Another similarity between My Antonia and The Great Gatsby are, to treat the theme of recapturing the past. In the novel, The Great Gatsby, “Jay Gatsby had waited for five years and bought a mansion where he dispensed starlight to casual moths so that he could “come over” some afternoon to a stranger’s garden” (Fitzgerald 83). Gatsby hopes Daisy would wander into one of his parties some night, but she never did. Gatsby wanted “the” Daisy he first met five years ago. Since they had not seen each other, he started living his own world and pictured “his” Daisy. However, he was unable to change the fact that five years had elapsed since he and Daisy had seen each other. When Gatsby and Daisy met each other again, he realized that Daisy was not “his” Daisy, the one he had envisaged all these years. Compare with the thoughts of Jay Gatsby about Daisy, pretty much the same concept / plot is used in the book, My Antonia. “Similarly, the elided twenty years in My Antonia serve Jim as a period in which to appropriate Antonia in his imagination. So tenaciously does Jim cling to his illusions about Antonia during these years that they miraculously take shape as reality” (Peck 153). Finding that Antonia still shares his consciousness, Jim lays claim once again to their mutual stock of memories, concluding his narrative with the jubilant assertion, “Whatever we had missed, we possessed together the precious, the incommunicable past” (Cather 419).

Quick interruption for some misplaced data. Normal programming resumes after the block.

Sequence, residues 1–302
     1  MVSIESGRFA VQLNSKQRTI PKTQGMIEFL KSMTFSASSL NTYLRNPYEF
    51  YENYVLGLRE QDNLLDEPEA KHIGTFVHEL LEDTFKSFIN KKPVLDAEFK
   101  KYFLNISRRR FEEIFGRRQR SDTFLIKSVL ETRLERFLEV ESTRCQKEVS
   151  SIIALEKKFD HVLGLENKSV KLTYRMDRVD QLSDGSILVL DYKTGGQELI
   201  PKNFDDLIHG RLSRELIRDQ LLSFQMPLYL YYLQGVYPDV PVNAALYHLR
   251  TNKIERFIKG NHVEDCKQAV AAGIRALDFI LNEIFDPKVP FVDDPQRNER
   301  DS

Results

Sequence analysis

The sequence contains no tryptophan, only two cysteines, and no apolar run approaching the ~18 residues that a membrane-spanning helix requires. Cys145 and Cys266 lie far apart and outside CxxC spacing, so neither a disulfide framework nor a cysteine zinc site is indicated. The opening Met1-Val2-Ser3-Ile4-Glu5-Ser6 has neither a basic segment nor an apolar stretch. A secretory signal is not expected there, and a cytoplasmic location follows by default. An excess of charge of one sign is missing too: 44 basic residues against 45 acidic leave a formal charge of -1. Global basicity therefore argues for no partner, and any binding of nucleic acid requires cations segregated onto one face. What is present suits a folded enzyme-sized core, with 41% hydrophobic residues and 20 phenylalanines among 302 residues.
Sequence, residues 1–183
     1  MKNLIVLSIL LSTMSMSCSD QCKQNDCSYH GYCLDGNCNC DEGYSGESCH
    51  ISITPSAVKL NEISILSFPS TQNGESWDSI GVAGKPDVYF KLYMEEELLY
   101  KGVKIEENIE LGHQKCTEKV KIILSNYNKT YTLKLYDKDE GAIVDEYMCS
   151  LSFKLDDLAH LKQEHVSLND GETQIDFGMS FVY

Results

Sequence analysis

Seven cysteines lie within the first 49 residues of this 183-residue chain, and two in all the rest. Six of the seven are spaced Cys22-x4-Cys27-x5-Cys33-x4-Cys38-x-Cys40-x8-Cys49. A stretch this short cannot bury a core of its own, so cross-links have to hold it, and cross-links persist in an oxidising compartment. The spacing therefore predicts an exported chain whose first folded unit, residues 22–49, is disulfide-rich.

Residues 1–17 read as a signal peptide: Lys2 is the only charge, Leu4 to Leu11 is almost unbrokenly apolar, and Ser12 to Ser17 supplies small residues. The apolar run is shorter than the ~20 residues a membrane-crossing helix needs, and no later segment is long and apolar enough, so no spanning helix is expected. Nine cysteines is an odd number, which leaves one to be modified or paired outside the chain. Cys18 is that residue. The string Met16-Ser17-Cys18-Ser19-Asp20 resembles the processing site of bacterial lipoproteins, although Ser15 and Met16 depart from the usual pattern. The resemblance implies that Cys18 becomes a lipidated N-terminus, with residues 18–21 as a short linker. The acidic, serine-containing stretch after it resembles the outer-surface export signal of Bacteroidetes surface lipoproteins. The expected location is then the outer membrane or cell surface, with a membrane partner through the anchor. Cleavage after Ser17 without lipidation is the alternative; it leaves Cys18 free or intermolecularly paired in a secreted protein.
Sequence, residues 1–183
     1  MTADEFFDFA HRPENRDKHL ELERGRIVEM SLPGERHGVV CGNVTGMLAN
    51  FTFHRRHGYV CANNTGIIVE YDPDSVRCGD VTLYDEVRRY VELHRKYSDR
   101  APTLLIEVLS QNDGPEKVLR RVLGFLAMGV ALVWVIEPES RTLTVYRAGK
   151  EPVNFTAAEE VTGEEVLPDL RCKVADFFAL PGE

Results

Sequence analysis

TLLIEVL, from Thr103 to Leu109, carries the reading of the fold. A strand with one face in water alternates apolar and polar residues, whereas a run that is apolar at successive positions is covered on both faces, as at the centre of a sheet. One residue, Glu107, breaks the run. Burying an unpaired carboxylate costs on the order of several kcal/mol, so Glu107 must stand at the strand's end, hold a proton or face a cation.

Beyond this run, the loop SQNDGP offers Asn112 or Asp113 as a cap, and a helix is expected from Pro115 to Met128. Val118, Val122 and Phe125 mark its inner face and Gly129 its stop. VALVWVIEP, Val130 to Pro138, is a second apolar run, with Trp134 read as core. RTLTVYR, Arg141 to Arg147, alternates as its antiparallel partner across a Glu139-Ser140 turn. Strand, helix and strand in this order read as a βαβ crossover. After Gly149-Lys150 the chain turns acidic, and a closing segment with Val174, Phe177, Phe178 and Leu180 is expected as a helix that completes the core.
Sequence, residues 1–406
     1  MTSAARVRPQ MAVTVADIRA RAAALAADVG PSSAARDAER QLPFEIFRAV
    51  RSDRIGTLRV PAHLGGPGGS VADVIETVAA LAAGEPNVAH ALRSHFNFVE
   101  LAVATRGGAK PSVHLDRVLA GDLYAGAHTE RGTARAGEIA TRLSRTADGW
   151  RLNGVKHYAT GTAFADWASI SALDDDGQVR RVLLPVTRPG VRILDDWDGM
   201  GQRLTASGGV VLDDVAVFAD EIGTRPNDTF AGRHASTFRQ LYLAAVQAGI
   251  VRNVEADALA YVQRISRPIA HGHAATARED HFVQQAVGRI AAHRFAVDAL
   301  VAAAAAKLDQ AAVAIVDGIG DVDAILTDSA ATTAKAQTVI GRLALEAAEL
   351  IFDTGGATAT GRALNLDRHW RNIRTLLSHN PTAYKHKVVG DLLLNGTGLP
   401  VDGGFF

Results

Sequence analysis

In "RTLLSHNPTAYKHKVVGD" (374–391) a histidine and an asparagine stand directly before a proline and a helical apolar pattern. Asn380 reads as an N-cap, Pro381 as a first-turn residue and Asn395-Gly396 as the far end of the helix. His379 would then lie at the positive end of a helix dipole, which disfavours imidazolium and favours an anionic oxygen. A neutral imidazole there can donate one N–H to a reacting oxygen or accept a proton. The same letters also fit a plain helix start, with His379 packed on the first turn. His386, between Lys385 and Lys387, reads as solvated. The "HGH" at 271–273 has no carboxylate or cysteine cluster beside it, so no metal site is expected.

Jim Burden’s phrase “whatever we had missed…” reminds us that Jim has deliberately missed sharing most of the central events of Antonia’s life: her grief over her father’s death, her shame over her abortive affair and pregnancy, her marriage, her raising of her family, her growing old. Only because Jim has overlooked these differences between himself and Antonia has he been able, in his view, to share with her a more precious and ineffable possession, like an ideal childhood freedom and innocence. “At the end of My Antonia Jim Burden could assert that he and Antonia “possessed” the “precious, the incommunicable past”; the very fact that he felt the compulsion to commit that past to a written record suggests that he felt insecure in its possession” (Miller 123). In the same manner, in the novel, The Great Gatsby, “It was Nick’s discovery that the past cannot be “possessed”; he had watched Gatsby searching for a past (a “past that had not even had not even had a momentary existence, that was the invention of his imagination) and, ultimately, finding death in its stead (Miller 123). “Daisy vanished into her rich house, into her rich, full life, leaving Gatsby – nothing. He felt married to her, that was all” (Fitzgerald 157). “His” American Dream was only alive in “his” own world. In coming to this conclusion “Fitzgerald was perhaps most influenced by a contemporary novel, Willa Cather’s My Antonia, which we know he read with deep interest, dealing with a topic so close to his own that he wrote Cather insisting that, despite the extraordinary similarity, he was not guilty of plagiarism (Lehan 107).
“Both works are pervaded with a bittersweet nostalgia, and both are written in finely crafted, evocative prose” (Donaldson 58).